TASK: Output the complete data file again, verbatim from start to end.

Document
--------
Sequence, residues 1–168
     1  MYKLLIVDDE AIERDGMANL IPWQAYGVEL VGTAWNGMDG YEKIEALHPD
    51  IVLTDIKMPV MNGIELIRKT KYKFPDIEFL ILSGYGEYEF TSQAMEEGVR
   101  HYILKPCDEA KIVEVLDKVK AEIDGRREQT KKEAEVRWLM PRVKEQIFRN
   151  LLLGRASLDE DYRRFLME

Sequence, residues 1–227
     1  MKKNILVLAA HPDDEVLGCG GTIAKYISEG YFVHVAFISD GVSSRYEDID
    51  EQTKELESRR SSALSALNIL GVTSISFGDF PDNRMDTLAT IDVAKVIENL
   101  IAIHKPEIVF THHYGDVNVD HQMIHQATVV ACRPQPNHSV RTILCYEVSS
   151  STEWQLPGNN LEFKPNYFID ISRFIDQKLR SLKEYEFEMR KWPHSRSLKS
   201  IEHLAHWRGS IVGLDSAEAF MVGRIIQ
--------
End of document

Sequence, residues 1–168
     1  MYKLLIVDDE AIERDGMANL IPWQAYGVEL VGTAWNGMDG YEKIEALHPD
    51  IVLTDIKMPV MNGIELIRKT KYKFPDIEFL ILSGYGEYEF TSQAMEEGVR
   101  HYILKPCDEA KIVEVLDKVK AEIDGRREQT KKEAEVRWLM PRVKEQIFRN
   151  LLLGRASLDE DYRRFLME

Sequence, residues 1–227
     1  MKKNILVLAA HPDDEVLGCG GTIAKYISEG YFVHVAFISD GVSSRYEDID
    51  EQTKELESRR SSALSALNIL GVTSISFGDF PDNRMDTLAT IDVAKVIENL
   101  IAIHKPEIVF THHYGDVNVD HQMIHQATVV ACRPQPNHSV RTILCYEVSS
   151  STEWQLPGNN LEFKPNYFID ISRFIDQKLR SLKEYEFEMR KWPHSRSLKS
   201  IEHLAHWRGS IVGLDSAEAF MVGRIIQ